Update25 dead in China and chaos at Hong Kong airport in wake of Typhoon Usagi

Airlines struggle to clear backlog while storm brings flood threat to some areas

Typhoon Usagi swept across Hong Kong and Guangdong last night, killing 25 people and injuring at least four others.

Air travellers faced another day of chaos today as airlines struggled to clear a backlog of passengers at Chek Lap Kok airport.

By yesterday evening, hundreds of passengers were stranded at the airport after flights were cancelled or delayed. Yesterday, at least 370 flights were cancelled and 76 delayed.

A woman was injured by a falling sign on Au Pui Wan Street in Sha Tin. She was taken to Prince of Wales Hospital with minor injuries and released.

Later, a car carrying a Now TV news team crashed near the Cross Harbour Tunnel entrance in Wan Chai. A male driver and a male passenger were  hurt. They were taken to Ruttonjee Hospital with minor injuries.

A woman holds a broken umbrella against strong winds in Tsim Sha Tsui as Typhoon Usagi hits Hong Kong yesterday. Photo: Felix Wong
The deaths were reported by Chinese state media after Usagi - which meteorologists say was the world's most powerful storm this year - made landfall in Guangdong province northeast of Hong Kong on Sunday evening, prompting the highest level of alert from the National Meteorological Centre.

The reports by Xinhua news agency and CCTV did not say how the 25 people were killed but said all the deaths were in Guangdong after the typhoon brought down trees and damaged roads.

In Huilai county of Jieyang city in eastern Guangdong, a villager who was staying home to avoid the strong wind was killed by shattered window glass that pierced his heart, Xinhua reported.

Meanwhile, a couple's boat capsized in Huilai county yesterday afternoon. The husband was rescued but his wife remains missing.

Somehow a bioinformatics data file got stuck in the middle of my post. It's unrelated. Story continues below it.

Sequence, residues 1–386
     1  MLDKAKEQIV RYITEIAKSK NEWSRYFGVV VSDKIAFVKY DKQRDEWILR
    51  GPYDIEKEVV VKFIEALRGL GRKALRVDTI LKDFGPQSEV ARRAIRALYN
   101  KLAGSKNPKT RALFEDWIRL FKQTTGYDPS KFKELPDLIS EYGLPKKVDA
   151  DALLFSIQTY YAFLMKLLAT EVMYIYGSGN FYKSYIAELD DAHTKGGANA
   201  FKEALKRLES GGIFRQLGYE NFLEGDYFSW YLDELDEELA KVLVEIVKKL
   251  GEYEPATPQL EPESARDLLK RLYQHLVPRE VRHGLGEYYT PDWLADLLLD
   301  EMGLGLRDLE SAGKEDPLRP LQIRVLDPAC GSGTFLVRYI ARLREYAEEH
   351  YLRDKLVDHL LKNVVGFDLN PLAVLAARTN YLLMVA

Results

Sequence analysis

In nearby Shantou city, two men were killed and another injured by falling trees.

Despite the damage and casualties, the storm could have affected Hong Kong worse, but the killer typhoon's path turned north and hit landfall at Shanwei at 7.40pm.


A Cathay Pacific spokesman yesterday said it would try its best to offer help to affected passengers, but would not comment on the possibility of providing free accommodation.

The airline urged passengers without confirmed bookings or whose flights had been cancelled not to go to the airport, saying "the chance of securing a seat on standby basis at the check-in counters is very low".


"The airline plans to gradually resume services  today when weather and safety conditions permit," the spokesman said.

However, the airline said passengers with flights scheduled for today should consider rearranging them.

The Observatory hoisted a No 8 typhoon signal at 6.40pm yesterday. 


Severe Typhoon Usagi made landfall near Shanwei, according to China's National Meteorological Centre. At 7am, Usagi was about 180 kilometres northwest of Hong Kong and was forecast to move across the western Guangdong and further weaken.

According to the present forecast track, the gales related to Usagi will depart from Pearl River Estuary later this morning. The Observatory will consider issue the Strong Wind Signal No 3 at or before 10am.

Harry's view
This article appeared in the South China Morning Post print edition as: Three dead as Severe Typhoon Usagi skirts city